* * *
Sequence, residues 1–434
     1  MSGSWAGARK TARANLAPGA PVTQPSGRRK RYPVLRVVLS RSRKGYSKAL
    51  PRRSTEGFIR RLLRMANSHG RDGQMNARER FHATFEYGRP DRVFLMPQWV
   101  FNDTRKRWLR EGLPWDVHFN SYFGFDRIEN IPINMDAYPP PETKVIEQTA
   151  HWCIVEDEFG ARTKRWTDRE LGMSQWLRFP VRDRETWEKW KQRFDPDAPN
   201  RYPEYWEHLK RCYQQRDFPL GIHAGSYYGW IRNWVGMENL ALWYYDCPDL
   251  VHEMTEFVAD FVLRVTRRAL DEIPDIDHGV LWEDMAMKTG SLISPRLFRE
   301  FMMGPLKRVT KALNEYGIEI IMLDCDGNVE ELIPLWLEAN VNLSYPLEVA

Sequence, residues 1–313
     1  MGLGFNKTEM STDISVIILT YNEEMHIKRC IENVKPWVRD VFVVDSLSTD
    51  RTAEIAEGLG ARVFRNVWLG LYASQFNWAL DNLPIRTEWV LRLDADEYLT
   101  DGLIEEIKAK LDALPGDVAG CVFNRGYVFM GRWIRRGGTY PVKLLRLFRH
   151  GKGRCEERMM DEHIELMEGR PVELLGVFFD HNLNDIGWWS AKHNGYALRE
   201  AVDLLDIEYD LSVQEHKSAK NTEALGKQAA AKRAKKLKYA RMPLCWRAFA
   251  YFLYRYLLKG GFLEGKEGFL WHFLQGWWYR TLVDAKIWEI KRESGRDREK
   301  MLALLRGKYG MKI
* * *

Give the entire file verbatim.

Sequence, residues 1–434
     1  MSGSWAGARK TARANLAPGA PVTQPSGRRK RYPVLRVVLS RSRKGYSKAL
    51  PRRSTEGFIR RLLRMANSHG RDGQMNARER FHATFEYGRP DRVFLMPQWV
   101  FNDTRKRWLR EGLPWDVHFN SYFGFDRIEN IPINMDAYPP PETKVIEQTA
   151  HWCIVEDEFG ARTKRWTDRE LGMSQWLRFP VRDRETWEKW KQRFDPDAPN
   201  RYPEYWEHLK RCYQQRDFPL GIHAGSYYGW IRNWVGMENL ALWYYDCPDL
   251  VHEMTEFVAD FVLRVTRRAL DEIPDIDHGV LWEDMAMKTG SLISPRLFRE
   301  FMMGPLKRVT KALNEYGIEI IMLDCDGNVE ELIPLWLEAN VNLSYPLEVA

Sequence, residues 1–313
     1  MGLGFNKTEM STDISVIILT YNEEMHIKRC IENVKPWVRD VFVVDSLSTD
    51  RTAEIAEGLG ARVFRNVWLG LYASQFNWAL DNLPIRTEWV LRLDADEYLT
   101  DGLIEEIKAK LDALPGDVAG CVFNRGYVFM GRWIRRGGTY PVKLLRLFRH
   151  GKGRCEERMM DEHIELMEGR PVELLGVFFD HNLNDIGWWS AKHNGYALRE
   201  AVDLLDIEYD LSVQEHKSAK NTEALGKQAA AKRAKKLKYA RMPLCWRAFA
   251  YFLYRYLLKG GFLEGKEGFL WHFLQGWWYR TLVDAKIWEI KRESGRDREK
   301  MLALLRGKYG MKI